Country

Georgia

Explore historical and projected climate data, climate data by sector, impacts, key vulnerabilities and what adaptation measures are being taken. Explore the overview for a general context of how climate change is affecting Georgia.

Impacts Water

Georgia has an abundance of freshwater sources due to the country’s mountainous relief, however water resources are not distributed equally throughout the country and accumulate mostly in western parts of Georgia. Eastern regions suffer a lack of water. Currently, only a small part of the population of Georgia is provided with a permanent supply of pure potable water (National Climate Vulnerability Assessment: Georgia 2014). Trends of warmer and shorter winter periods will result in a decrease of seasonal snow as well as earlier and faster snow melt and significant decrease in glacial melting and retreat. Increased water stress for agricultural areas in the eastern part of Georgia coupled with high temperatures may also impact river and lakes and affect fish populations. Increased heat may lead to increased water borne diseases for water zones.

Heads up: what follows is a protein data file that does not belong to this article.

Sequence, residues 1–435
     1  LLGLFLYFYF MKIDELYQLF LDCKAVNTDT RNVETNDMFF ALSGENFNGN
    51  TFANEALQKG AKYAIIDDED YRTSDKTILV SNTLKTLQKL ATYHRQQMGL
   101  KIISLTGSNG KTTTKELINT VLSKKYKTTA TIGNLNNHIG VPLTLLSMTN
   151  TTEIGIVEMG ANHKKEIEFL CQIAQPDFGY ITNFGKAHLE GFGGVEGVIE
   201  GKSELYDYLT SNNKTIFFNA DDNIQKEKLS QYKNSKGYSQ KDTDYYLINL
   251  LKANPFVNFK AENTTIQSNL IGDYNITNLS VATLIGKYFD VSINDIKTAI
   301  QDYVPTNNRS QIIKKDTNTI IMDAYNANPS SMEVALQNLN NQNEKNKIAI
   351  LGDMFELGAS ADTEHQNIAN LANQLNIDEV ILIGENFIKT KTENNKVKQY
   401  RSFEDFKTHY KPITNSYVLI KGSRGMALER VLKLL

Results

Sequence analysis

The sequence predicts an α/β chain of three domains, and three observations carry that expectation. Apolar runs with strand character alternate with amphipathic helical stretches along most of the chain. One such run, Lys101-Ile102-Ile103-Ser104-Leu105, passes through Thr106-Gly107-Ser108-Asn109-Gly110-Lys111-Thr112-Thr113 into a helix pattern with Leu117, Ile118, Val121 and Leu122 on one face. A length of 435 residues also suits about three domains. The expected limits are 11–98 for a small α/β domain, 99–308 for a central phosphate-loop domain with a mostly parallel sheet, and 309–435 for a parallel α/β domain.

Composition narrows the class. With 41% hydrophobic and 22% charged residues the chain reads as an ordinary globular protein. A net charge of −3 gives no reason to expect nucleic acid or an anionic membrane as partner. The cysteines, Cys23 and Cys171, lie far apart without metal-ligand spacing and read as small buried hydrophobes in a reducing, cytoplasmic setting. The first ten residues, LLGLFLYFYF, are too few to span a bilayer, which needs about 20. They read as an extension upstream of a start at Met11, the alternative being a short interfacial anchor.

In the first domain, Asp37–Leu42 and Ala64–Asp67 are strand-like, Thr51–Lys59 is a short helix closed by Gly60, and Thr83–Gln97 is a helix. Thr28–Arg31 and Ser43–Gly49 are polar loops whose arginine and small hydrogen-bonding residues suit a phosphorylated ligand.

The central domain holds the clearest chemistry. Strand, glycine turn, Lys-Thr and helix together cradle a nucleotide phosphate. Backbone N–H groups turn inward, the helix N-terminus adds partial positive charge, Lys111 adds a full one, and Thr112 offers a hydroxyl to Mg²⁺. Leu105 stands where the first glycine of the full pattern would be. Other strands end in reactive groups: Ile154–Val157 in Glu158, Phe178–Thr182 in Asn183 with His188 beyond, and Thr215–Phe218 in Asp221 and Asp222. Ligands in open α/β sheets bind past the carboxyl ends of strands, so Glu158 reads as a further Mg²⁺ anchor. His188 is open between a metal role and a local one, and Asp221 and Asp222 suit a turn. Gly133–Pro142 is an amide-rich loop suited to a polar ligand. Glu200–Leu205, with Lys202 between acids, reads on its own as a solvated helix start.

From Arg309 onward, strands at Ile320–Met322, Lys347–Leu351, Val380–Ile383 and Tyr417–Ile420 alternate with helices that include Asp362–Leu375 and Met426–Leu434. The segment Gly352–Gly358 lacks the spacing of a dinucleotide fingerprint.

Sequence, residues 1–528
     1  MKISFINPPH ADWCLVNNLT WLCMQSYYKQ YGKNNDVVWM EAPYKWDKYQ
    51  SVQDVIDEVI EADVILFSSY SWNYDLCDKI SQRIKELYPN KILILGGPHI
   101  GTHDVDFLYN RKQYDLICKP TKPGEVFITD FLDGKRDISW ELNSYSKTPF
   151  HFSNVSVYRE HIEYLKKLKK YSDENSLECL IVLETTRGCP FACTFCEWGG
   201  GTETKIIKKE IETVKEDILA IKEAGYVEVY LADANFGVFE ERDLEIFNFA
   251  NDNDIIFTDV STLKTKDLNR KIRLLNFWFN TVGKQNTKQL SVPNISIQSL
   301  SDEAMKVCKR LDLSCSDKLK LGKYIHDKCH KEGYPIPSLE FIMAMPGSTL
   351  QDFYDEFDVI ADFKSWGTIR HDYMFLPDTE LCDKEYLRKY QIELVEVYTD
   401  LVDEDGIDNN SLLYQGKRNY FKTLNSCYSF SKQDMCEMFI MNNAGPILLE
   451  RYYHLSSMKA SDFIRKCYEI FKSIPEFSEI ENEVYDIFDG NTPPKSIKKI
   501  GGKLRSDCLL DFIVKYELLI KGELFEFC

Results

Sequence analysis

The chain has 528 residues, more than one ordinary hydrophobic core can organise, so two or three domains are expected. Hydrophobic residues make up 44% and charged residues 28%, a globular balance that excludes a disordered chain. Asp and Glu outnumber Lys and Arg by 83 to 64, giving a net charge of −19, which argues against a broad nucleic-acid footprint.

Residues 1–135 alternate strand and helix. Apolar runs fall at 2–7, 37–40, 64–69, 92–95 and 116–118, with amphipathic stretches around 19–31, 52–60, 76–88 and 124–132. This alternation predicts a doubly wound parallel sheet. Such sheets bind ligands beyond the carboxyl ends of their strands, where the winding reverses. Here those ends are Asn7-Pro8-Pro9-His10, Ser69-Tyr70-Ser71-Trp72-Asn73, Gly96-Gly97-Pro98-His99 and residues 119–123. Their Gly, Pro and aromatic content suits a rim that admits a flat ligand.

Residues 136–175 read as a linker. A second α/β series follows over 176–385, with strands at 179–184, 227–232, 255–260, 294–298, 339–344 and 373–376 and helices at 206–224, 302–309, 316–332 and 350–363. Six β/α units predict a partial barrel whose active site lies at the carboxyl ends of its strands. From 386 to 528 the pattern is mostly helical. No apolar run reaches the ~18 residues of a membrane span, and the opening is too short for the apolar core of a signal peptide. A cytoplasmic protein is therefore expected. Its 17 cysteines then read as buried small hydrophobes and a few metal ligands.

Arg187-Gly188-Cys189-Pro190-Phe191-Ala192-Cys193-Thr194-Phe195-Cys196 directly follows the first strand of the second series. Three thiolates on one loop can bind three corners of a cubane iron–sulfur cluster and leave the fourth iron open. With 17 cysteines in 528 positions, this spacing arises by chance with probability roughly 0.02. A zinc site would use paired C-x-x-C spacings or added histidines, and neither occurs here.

This section provides insights into projected climate change impacts on various hydrological indicators.

OR

Data presented under Historical Climate Conditions are reanalysis products derived from ERA5-Land data. ERA5-Land is a global land-surface dataset at 9 km resolution, consistent with atmospheric data from the ERA5 reanalysis from 1950 onward. Climate reanalyses combine past observations with models to generate consistent time series of multiple climate variables. They provide a comprehensive description of the observed climate as it has evolved during recent decades, on 3D grids at sub-daily intervals. 

This data has been collected, aggregated and processed by the Climate Resilience Cluster of the European Space Agency’s (ESA) Earth Observation for Sustainable Development (EO4SD) initiative.

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